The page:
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New study takes nuanced look at bug decline

May 1, 2020 by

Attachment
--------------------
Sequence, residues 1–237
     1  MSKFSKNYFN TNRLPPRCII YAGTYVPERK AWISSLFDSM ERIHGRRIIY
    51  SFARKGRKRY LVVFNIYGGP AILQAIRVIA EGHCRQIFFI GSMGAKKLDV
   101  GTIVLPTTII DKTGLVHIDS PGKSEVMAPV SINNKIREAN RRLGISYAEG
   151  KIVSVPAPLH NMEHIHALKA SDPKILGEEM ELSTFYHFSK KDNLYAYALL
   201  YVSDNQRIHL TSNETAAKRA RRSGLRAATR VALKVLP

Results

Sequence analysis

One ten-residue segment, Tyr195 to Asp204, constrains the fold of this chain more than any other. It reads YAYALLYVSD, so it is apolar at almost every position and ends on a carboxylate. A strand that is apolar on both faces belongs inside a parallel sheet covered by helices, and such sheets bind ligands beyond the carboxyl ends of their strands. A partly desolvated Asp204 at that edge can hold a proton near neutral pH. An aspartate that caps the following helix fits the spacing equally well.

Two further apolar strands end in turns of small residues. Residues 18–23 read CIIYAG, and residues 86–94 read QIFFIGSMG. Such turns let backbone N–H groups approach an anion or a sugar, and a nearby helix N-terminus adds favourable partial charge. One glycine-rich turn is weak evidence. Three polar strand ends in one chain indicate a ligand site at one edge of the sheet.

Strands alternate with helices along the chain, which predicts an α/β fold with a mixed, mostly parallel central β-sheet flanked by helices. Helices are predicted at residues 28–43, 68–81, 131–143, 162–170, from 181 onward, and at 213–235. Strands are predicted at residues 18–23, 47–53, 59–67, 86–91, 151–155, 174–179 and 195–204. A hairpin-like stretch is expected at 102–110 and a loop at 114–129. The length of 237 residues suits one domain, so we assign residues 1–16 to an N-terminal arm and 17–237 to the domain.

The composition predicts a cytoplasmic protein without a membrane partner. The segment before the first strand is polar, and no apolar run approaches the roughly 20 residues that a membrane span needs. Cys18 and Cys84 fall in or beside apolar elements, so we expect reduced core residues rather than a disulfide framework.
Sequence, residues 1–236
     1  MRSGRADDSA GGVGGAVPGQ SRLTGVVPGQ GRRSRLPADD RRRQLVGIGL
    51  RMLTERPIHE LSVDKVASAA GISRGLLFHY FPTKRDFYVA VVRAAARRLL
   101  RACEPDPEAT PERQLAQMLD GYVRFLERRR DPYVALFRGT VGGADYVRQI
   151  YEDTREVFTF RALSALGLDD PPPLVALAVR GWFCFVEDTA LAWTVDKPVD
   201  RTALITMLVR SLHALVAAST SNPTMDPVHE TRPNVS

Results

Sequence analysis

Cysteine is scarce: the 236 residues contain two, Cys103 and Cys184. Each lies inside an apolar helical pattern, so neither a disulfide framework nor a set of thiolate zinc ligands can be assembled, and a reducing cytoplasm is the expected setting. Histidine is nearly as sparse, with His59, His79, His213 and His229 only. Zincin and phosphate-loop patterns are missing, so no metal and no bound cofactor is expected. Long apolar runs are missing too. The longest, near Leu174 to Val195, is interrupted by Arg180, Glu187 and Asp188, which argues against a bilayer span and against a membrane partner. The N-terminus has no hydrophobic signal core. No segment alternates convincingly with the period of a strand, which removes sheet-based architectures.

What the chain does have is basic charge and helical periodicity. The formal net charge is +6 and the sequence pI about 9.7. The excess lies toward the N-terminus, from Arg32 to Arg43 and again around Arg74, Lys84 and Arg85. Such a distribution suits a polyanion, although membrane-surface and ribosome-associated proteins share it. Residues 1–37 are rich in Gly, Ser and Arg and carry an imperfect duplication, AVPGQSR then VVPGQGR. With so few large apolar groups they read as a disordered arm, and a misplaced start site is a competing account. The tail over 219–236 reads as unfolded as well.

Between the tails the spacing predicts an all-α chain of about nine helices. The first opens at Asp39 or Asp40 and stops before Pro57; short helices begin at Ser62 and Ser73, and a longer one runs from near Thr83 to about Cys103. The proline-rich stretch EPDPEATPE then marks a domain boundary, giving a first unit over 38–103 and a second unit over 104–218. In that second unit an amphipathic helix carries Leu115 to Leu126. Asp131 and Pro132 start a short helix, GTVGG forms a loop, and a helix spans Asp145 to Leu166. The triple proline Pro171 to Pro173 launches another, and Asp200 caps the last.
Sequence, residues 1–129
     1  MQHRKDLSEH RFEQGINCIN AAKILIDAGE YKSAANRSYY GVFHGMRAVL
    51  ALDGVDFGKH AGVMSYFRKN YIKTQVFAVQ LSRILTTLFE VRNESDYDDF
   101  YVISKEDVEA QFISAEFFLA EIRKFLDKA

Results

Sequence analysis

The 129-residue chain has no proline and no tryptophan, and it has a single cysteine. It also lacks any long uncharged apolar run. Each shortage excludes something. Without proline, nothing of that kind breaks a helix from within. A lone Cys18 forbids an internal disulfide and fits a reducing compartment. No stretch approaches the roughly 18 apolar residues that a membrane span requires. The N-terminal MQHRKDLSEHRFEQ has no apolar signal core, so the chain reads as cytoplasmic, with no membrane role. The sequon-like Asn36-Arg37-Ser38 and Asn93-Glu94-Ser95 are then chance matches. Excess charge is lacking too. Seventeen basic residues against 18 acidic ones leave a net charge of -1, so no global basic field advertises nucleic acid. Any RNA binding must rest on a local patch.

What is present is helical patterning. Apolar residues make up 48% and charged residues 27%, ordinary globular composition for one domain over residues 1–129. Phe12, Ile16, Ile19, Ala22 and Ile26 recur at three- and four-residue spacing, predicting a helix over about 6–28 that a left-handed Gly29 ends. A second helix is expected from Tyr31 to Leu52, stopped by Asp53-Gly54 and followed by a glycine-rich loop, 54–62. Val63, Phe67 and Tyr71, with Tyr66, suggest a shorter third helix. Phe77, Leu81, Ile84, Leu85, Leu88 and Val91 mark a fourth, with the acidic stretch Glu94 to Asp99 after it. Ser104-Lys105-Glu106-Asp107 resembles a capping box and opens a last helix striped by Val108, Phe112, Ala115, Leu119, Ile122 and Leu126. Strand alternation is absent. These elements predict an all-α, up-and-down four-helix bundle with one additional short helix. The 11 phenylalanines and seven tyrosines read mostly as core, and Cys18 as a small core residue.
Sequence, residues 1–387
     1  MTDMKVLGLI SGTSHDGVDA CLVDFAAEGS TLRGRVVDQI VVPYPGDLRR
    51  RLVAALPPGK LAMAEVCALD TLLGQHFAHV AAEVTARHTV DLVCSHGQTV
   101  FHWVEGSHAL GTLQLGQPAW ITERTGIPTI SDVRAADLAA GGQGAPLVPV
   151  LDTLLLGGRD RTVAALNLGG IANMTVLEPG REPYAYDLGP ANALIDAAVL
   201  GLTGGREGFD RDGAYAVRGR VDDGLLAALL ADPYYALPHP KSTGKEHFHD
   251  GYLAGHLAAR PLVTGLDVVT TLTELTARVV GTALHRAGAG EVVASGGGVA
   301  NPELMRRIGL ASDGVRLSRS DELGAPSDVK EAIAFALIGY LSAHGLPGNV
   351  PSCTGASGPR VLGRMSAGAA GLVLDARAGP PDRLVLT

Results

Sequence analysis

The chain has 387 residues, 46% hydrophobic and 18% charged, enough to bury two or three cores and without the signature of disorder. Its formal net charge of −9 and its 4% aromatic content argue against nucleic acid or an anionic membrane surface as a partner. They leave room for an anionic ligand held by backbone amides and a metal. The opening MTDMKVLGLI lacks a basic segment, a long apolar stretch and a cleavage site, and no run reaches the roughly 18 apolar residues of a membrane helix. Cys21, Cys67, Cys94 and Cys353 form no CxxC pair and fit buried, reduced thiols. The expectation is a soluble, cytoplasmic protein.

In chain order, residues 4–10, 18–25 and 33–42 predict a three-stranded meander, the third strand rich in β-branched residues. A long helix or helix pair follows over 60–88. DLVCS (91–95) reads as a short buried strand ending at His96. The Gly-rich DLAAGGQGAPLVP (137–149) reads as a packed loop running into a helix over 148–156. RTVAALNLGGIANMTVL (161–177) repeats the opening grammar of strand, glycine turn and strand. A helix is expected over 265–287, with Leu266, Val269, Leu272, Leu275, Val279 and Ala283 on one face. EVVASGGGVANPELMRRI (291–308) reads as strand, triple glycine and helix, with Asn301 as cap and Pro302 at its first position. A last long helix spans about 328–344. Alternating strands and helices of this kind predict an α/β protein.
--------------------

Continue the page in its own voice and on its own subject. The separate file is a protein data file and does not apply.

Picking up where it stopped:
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While scientists have observed the worldwide decline of  insects  over the last decades, a new study shows that the big picture is more complicated than they thought. The study, published in  Science , drew on data from 166 surveys from 1,676 sites. Some of the broad findings were that, while the number of land-dwelling insects is going down, freshwater bugs are increasing. And if you’ve noticed a decrease in bugs splattering your windshield, you’re right. “Our analysis shows that flying insects have indeed decreased on average,” said Jonathan Chase of the German Centre for Integrative  Biodiversity  Research, one of the study’s authors. Insects are extremely diverse, with many species filling key roles on the planet, such as recycling nutrients, aerating soil and pollinating  plants . The study shows how nuanced and mysterious insects are, with many hiding away under the soil, in tree canopies and on riverbanks. Surprisingly, even when bugs live close together geographically, some populations can be thriving while nearby members of the same species are floundering. The study found that overall, terrestrial insects such as ants,  butterflies  and grasshoppers were decreasing by 0.92% per year. This equals 9% per decade. “That is extremely serious, over 30 years it means a quarter less insects,” said the study’s lead author Dr. Roel Van Klink, of the German Centre for Integrative Biodiversity Research. “And because it’s a mean, there are places where it is much worse than that.” Bug decline was particularly severe in Western and Midwestern regions of the U.S., and Europe, especially Germany. The increase in freshwater insects such as midges and mayflies was one bright note in the study — assuming you’re not sunbathing on a lakeshore. Their populations were growing by about 1.08% per year. Freshwater insects were especially trending in the western U.S., northern Europe and  Russia . Researchers credited this population growth to legislation that has cleaned polluted lakes and rivers. “We believe that because we see these increases in fresh water insects, that are related to legislation being put in place, it makes us hopeful that if we put in place the right types of legislation for land insects we can also make them recover,” said Van Klink. Even the terrestrial insects could still make a comeback, Van Klink said. “The nice thing about insects is that most have incredibly large numbers of offspring, so if you change the  habitat in the right way we will see them recover really fast.” + BBC Images via Pexels